But still.


I've spent most of my adult years trying to feel "normal" because kids always thought I was weird and they couldn't relate to the things I wanted to play. Maybe they were right. I'm just strange.

Thinking about perception and the holographic principle represented by that picture reminded me of my previous theory (described in the last couple paragraphs of this entry) about how maybe we create the Universe with our thoughts, holding it separate from the Whole by using imagination and water. If you can see either a flat bunch of colorful shapes, or a 3D floating teapot in the same picture, depending on your perception, why couldn't our entire existence be the same way? (No, I have not read The Holographic Universe yet, but it's on my list. I'm sure it has similar ideas.)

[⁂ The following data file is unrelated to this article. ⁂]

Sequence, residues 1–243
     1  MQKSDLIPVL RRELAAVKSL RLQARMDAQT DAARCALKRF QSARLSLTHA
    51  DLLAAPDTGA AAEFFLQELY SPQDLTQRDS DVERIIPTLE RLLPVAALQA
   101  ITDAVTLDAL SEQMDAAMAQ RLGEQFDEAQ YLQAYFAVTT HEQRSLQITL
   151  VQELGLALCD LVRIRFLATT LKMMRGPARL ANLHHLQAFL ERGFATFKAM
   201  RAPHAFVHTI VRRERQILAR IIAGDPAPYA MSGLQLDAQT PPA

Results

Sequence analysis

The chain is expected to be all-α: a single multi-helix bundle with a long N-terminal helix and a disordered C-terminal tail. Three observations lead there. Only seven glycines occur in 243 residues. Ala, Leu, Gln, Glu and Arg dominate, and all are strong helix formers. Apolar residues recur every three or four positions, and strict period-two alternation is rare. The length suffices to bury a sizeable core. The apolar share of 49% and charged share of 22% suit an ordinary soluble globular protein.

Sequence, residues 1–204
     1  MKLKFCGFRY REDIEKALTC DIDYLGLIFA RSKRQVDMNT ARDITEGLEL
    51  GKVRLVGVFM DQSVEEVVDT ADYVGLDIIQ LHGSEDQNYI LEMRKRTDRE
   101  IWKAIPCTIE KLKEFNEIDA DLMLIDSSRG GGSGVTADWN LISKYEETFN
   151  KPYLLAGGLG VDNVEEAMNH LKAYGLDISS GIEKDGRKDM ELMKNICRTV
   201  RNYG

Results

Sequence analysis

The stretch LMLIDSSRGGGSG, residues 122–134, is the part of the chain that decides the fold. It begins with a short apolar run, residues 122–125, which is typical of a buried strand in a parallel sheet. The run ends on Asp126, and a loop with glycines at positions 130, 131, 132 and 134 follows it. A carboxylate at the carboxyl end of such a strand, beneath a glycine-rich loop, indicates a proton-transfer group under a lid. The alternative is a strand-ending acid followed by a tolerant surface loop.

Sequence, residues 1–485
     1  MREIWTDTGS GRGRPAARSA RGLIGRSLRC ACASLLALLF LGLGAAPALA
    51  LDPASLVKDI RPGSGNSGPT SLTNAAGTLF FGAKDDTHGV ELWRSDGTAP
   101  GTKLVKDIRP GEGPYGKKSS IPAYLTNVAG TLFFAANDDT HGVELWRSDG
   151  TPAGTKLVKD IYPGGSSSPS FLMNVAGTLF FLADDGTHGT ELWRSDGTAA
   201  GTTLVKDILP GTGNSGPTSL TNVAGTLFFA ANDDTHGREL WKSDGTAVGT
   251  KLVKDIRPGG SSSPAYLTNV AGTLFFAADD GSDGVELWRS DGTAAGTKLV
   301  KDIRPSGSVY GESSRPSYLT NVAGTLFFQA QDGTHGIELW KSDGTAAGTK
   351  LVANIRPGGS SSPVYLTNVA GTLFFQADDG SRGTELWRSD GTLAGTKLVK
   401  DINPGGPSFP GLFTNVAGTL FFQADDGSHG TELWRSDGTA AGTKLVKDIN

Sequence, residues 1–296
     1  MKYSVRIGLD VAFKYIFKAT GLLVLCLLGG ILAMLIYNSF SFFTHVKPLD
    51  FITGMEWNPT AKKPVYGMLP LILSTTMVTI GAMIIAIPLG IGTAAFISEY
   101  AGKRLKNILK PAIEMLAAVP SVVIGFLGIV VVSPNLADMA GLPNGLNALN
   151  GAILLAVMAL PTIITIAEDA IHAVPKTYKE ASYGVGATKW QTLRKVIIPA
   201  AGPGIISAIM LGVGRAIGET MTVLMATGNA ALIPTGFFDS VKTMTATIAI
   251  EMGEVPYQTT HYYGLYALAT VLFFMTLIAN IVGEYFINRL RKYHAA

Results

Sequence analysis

In my speculation of our reality being created through a star, I was picturing something like a soap bubble on a stick (cuz everything's better on a stick! sorry - ren faire joke), where our experiences all take place inside the bubble, the star is the circle part of the wand, and creation comes from imagination, or original intent/thought, represented by breath on the other side of the circle (i.e., air being blown through the circle to create the bubble).


I was reading the Wikipedia definition of "holographic principles" and it says:

"...a speculative conjecture about quantum gravity theories... claiming that all of the information contained in a volume of space can be represented by a theory which lives in the boundary of that region. In other words, if you have a room, you can model all of the events within that room by creating a theory which only takes into account what happens in the walls of the room."